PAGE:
1. Get up early! I try to get up by 5:00. When I build extra time into my morning, it doesn’t throw me off to have a second cup of coffee or to check my email. I don’t have to have the extra time to dress if I’m in a rush. But my days are much smoother if I have some quiet time up front. Worth the loss of an extra half hour’s sleep!
  2. Have a plan before I walk out the door. If I have things to drop off (dry cleaning, etc.,) I leave it at the front door, or put it in my car the night before. I list what I need to do so I don’t have to rely on memory, especially if my to dos include appointments.
  3. Take lunch. I usually see this one referenced as a strategy for saving money. You know, the encouragement to save the lunch money that adds up over a month’s time. But that’s not my incentive for eating in. Mine is two-fold. We have a huge parking problem at work, so by staying put, I don’t have that issue to deal with in the afternoon. And more importantly, I use the lunch break at my desk to check my email, make a quick call, or balance my check book. Just taking a few minutes to deal with some personal chores during the day frees evening time later.
  4. Keep lists, whether digital or on paper. Keep phone lists, grocery lists, errand lists, gift lists. It is always surprising to me how long it can take to get around to making a simple call or two if I don’t write it down as a to do. And I have to have reminders for grocery needs, birthday gifts, etc. When I see it, I do it.
  5. Leave a breadcrumb trail at work for the next day, especially when you’re out for the weekend, or for a longer period of time. I can’t tell you how often this has saved me. I keep a running to do list of work projects, deadlines, and chores, on my computer, just as I do for my personal life. I still sometimes forget something or get behind, but I have very few dropped balls using this low tech system. Other low tech ideas: I leave notes to myself on my chair at work. If I have to move something to sit down, I know I’ll see it in the morning. Or I put a note, print outs for a meeting, etc. on my keyboard. And if I need to take something home with me at the end of the day, I put it in my path out the door. Again, the concept is: if I have to step over it to go home, I know I’ll see it. 
  6. Streamline errands. I try to limit my grocery run to once a week. This cuts down on impulse spending and keeps that chore to a minimum. I actually like going to the grocery store. But I don’t need to do it every day. I especially try to limit errands after work, and I particularly limit my errands in the winter months. When it’s cold and dreary, I just want to go home. Batching errands on Saturday instead of spreading them through the week is better time management for me.
  7. If I don’t have a social commitment in the evening, I come in and do two things right away. I take off my makeup, and I get coffee ready to brew for the next morning. I love having most of my evening routine done long before bed time. And I love having hot coffee in the morning with no additional effort.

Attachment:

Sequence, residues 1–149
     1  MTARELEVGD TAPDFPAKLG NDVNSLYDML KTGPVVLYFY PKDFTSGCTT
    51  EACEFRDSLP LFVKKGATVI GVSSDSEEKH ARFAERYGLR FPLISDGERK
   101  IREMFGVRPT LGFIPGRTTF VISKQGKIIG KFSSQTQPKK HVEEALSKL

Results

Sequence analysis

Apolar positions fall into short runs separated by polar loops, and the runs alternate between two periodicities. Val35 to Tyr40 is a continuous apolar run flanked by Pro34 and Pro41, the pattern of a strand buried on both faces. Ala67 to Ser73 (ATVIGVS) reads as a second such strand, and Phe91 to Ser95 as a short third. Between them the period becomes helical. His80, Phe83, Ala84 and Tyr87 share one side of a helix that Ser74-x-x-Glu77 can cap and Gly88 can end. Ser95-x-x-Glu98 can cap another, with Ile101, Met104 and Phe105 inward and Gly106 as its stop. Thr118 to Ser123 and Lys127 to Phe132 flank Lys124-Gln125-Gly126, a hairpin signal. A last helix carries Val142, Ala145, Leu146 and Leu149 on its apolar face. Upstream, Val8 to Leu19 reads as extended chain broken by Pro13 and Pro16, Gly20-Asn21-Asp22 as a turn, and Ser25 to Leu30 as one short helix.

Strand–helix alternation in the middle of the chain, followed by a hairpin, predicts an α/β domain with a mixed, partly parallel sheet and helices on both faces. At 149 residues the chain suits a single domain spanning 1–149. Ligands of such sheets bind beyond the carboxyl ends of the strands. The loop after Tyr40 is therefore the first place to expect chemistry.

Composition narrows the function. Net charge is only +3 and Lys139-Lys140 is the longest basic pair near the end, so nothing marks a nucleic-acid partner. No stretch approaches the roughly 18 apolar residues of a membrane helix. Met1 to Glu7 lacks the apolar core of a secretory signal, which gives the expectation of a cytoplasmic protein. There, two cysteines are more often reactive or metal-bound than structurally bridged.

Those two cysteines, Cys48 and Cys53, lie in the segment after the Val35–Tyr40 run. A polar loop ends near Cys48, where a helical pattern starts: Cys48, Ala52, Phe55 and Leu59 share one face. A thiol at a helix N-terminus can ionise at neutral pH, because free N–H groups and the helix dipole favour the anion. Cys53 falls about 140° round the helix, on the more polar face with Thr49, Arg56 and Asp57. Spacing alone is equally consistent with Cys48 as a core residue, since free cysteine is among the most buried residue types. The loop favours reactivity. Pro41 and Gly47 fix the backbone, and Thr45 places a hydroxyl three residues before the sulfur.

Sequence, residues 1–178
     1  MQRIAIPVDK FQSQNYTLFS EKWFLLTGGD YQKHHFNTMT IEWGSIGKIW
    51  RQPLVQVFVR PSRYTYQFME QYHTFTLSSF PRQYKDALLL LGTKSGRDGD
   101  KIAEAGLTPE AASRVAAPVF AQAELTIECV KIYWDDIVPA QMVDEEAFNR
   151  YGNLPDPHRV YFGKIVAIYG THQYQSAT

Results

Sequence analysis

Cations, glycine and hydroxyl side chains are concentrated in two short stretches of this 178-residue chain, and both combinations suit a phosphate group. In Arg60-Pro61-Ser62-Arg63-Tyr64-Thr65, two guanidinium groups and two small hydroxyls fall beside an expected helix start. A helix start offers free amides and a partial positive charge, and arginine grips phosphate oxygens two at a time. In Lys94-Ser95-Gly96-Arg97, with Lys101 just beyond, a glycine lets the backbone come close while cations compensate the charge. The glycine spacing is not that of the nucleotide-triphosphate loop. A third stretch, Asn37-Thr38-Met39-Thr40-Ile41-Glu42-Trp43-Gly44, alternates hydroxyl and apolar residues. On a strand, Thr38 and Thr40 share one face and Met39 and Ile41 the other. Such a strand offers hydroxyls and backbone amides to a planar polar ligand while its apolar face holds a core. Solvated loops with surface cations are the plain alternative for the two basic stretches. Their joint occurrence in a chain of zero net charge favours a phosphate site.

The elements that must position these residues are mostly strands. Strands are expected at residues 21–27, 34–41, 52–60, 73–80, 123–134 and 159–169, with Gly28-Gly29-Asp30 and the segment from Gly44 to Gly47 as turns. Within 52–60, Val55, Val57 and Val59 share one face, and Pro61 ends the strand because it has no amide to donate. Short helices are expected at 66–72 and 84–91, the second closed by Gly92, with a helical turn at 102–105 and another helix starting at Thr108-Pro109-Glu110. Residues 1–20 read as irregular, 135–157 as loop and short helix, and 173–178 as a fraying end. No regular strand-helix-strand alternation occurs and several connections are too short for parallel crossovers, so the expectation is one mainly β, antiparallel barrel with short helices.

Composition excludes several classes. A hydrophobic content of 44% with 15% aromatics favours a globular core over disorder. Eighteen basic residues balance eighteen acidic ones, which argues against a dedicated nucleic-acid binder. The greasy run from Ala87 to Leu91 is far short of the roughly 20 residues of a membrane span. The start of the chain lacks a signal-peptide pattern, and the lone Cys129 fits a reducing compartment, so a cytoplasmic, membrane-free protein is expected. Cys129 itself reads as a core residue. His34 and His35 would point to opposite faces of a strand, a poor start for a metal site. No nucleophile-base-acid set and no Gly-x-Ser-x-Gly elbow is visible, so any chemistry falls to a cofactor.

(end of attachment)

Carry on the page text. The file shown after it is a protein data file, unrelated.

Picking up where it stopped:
8. ALWAYS do dinner dishes as soon as dinner is done. This is a rule I keep almost religiously. If I allow myself to get sidetracked, I find myself doing dishes at 10:00 o’clock at night, or whatever time we finish the movie, or game, etc., and I HATE that. I also hate seeing last night’s dishes when I get up in the morning. Best solution: as the old catch phrase goes, “just do it!” And then, (I realize this my not be possible with kids in the house) close the kitchen for business, except for beverages. Helps with late night snack cravings, and there’s no second round of dishes to do later.
  9. Go to bed at a reasonable hour. This should be an easy one, but apparently for most Americans, it is quite the challenge. So I challenge you: choose your bed time, rather than staying up until you fall over. Take control of yourself, and definitely, if you have young children, take control of them. The best gift a parent can give to themselves (IMHO) is some quiet evening time after kids are in bed. (Good for the kids to have structure too.)
  10. And finally, this is all easy stuff…but the key to making it work is to make it a routine. If you don’t have to think about managing your time, if you automatically write things down as you think of them, or follow a regular pattern for the beginning and end or your day, you’ll find that the small tasks that underpin your day become ingrained. And as your habits become routine, they begin to support you. You’ll find yourself more organized with less effort, and sometimes, you may be surprised that you can operate so automatically, you don’t even remember doing some of the things on your list. That’s ok…better to be able to do the mundane things of life with little to no thought. There are plenty of bigger things to put that brain power on!   

Facing the tasks